La Houille Blanche
Number 7-8, Novembre 1981
|Page(s)||581 - 588|
|Published online||01 December 2009|
Variations pluviométriques durant la dernière période séculaire en Europe Occidentale
Changes in rainfall conditions in Western Europe over the last century
CNRS Equipe de Recherche n° 30, Grenoble
This paper presents an analysis of the rainfall fluctuations during the last century over the West part of Europe (Fig. 1). Our purpose is not to apply systematic random tests but to caracterize the principal changes common to large areas of annual and seasonal rainfall series. The main sources of information on monthly and annual rainfall totals are : Meteorologie Nationale (Garnier, 1974) in France - Instituto Geofisico de Coimbra (1942-1955) in Portugal - Service meteorologique national (1943) in Spain - Annual rainfall in England since 1725 (Craddock, 1976). Two techniques have been applied to caracterize rainfall variations : for each individual station the mass curve (accumulated departures from the average of consecutive rainfall totals expressed as percentage of the average) and principal components analysis for the whole network. Ireland and South Spain excepted, the oceanic coastal regions of Europe show common changes in their annual rainfall records (Fig. 2. Fig. 3) : a 10 % mean deficiency during the period 1887-1909 and 1042-1957 ; a 8 % mean excess from 1922 to 1941 and a low excess since 1958. If some other stations of the inland (Paris, Colmar, Toulouse, ...) exhibit the same evolution, on the other hand mediterrean stations show completely different variations. Further investigations thanks to seasonal analysis (Fig. 3) show that the deficiency of 1887-1909 is mainly due to a winter deficiency ; the excess of 1922-1941 and the successive deficiency (1942-1957) result from important contrast in their mean spring rainfalls (40 % of difference in some stations). For winter and spring the two seasons which are caracterized by noticeab1e changes in their pluviometric evolution, each monthly rainfall serie indicate the same similar evolution as that of the seasonal total (Fig. 4). These results are re1ated to changes in the general circulation of the atmosphere during the last century and espacially to variations in the strength of the zonal circulation.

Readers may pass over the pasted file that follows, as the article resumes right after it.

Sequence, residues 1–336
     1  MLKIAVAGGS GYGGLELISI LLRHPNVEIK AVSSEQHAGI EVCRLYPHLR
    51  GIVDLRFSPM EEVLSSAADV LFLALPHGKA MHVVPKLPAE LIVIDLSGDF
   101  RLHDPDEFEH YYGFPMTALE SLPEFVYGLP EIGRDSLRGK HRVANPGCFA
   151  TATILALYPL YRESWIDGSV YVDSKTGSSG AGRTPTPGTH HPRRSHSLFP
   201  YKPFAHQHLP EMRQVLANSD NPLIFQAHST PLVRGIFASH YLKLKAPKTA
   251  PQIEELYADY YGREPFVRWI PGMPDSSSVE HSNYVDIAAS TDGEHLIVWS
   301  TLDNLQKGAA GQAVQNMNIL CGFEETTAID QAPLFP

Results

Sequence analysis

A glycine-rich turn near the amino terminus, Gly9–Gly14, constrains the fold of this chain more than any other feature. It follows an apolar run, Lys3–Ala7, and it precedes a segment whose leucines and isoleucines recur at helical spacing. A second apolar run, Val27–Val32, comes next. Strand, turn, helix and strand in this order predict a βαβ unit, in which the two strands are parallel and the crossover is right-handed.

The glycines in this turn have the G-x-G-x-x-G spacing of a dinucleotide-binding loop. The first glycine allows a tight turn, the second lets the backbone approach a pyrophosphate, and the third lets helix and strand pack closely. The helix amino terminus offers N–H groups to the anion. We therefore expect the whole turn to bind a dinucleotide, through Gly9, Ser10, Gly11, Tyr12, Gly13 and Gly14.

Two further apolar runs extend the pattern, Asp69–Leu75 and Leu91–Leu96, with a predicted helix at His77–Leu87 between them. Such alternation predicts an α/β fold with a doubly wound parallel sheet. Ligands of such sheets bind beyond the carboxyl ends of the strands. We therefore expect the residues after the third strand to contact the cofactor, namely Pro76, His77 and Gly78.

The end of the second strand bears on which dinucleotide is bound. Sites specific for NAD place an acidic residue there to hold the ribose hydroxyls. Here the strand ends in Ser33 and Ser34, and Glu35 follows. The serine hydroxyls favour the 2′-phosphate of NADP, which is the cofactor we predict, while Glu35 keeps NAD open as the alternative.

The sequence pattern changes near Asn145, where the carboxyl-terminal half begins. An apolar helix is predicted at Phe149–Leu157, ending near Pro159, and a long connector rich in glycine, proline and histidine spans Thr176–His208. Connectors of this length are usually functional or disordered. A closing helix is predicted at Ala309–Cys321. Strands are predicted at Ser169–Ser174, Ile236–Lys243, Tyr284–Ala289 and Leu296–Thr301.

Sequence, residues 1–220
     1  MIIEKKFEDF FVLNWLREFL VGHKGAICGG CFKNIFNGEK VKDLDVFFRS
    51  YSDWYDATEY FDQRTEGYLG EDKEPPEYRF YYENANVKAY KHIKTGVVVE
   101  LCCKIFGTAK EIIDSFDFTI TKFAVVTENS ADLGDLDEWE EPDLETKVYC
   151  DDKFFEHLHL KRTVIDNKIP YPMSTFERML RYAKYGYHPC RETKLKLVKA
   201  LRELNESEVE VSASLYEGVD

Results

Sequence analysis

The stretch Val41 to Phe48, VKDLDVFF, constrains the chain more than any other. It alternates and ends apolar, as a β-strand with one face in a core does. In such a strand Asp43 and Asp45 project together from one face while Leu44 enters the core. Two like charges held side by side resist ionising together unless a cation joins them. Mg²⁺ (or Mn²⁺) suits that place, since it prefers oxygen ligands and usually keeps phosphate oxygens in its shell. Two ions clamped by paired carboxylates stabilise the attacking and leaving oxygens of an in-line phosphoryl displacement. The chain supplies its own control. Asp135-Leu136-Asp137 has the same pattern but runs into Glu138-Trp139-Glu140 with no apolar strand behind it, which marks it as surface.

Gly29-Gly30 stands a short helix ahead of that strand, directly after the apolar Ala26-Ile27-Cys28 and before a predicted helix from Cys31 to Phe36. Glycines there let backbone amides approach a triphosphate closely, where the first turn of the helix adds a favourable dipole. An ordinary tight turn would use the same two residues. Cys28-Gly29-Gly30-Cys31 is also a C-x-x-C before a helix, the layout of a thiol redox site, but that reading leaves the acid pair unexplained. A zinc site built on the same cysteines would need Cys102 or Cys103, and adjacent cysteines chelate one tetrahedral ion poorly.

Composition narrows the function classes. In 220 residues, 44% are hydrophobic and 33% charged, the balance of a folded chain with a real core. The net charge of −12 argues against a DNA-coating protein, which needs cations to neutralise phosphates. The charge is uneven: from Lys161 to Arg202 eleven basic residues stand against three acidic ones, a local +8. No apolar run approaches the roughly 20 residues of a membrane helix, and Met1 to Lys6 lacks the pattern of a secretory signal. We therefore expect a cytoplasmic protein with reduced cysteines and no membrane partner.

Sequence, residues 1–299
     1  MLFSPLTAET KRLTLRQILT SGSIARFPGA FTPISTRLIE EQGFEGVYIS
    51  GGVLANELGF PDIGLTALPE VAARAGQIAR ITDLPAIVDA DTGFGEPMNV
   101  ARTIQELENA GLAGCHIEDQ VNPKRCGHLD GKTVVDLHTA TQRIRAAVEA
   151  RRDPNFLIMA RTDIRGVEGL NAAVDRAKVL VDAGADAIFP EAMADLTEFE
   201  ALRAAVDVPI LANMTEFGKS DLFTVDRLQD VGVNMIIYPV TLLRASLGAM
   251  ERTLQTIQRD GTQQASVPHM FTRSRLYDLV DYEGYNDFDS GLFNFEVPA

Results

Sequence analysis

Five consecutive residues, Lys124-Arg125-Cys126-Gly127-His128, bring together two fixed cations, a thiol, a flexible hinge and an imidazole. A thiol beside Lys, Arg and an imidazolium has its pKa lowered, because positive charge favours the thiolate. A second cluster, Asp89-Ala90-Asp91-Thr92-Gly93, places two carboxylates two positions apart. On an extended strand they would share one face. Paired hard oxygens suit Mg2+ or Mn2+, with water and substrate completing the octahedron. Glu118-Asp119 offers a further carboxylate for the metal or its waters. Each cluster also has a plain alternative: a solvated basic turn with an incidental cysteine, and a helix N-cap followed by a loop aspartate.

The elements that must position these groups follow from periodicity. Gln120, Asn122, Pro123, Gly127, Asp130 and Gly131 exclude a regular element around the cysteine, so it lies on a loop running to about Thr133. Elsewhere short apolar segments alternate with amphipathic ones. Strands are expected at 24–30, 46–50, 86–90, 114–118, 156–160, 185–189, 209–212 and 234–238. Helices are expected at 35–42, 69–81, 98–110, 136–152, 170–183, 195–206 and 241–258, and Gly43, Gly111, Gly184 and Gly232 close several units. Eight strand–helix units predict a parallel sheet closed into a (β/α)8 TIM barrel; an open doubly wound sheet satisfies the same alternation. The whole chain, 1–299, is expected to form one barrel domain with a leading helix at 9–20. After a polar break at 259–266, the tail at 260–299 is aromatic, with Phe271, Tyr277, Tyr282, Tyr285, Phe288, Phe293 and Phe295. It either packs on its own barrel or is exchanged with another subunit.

© Société Hydrotechnique de France, 1981
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